going-out-of-business method planned in the living wills due July 1. The
living wills must include how subsidiaries in foreign jurisdictions
will be liquidated.
The second way is through a new kind of liquidation process in which
the FDIC takes control of putting a financial giant down. This method
has more flexibility than is allowed in bankruptcy courts, but still
uses critical information collected in the banks’ living wills, such as
where exactly to find collateral.
The new rules stagger deadlines for the banks to file plans,
depending on their size and complexity. Nine banks will file first,
including five based in the United States and four owned abroad.
Regulators have declined to name the nine banks included in the first
Other large banks will have until July and December of next year to
hand in their plans, according to the FDIC. Eventually about 124 banks
are expected to submit plans, according to the FDIC. There are about
7,300 banks in the United States.
Regulators and the big banks have been meeting since January on what
the plans are expected to include. Fed and FDIC officials have said they
expect the back-and-forth to continue once the plans have been
submitted. The rules give the banks a series of chances to refine their
But if banks cannot come up with feasible liquidation plans, regulators could order the banks to get rid of businesses.
Government intervention is a last resort, said John Simonson, the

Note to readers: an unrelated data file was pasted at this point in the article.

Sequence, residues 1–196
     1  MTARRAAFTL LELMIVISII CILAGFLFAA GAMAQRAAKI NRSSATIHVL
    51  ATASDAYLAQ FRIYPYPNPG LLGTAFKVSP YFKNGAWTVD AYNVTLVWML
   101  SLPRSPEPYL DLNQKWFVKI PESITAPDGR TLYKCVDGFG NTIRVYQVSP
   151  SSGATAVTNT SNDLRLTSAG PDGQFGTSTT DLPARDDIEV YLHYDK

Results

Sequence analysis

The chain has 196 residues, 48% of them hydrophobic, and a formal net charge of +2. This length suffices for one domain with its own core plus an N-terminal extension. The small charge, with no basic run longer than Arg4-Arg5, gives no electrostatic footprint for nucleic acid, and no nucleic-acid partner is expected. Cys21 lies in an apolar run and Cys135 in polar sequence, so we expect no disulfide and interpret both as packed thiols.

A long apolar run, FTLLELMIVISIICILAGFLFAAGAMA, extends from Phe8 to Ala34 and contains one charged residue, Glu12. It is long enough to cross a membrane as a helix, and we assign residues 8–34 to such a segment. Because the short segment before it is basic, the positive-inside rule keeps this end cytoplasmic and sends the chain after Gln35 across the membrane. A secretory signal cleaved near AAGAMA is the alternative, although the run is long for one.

FDIC’s deputy director of Systemic Resolution Planning and
Implementation in the Office of Complex Financial Institutions.
“I think a lot of progress can be made in having these firms make
themselves more resolvable before you get to that point of actually
imposing those severe remedies,” Simonson said.
The regulators will want to see evidence that the banks can safely
resolve their debts and transfer vital customer services and assets to
The plans could easily be 2,000 or 4,000 pages long, depending on the
complexity of the banks, said Ryan of PricewaterhouseCoopers. The plans
include “very granular detail” about bank operations, he noted, adding
that “in many cases, this is a large documentation exercise.”
For example, the banks must spell out plans for hiring lawyers and contacting regulators in key countries.
The rules for crafting the living wills are 74 pages long, including
an explanatory supplement. The plans could even include drafts of press
releases showing how the banks would announce that they are going out of
business, Herring said.
Article Link: http://the2012scenario.com/2012/06/the-five-big-banks-draft-plans-for-going-out-of-business/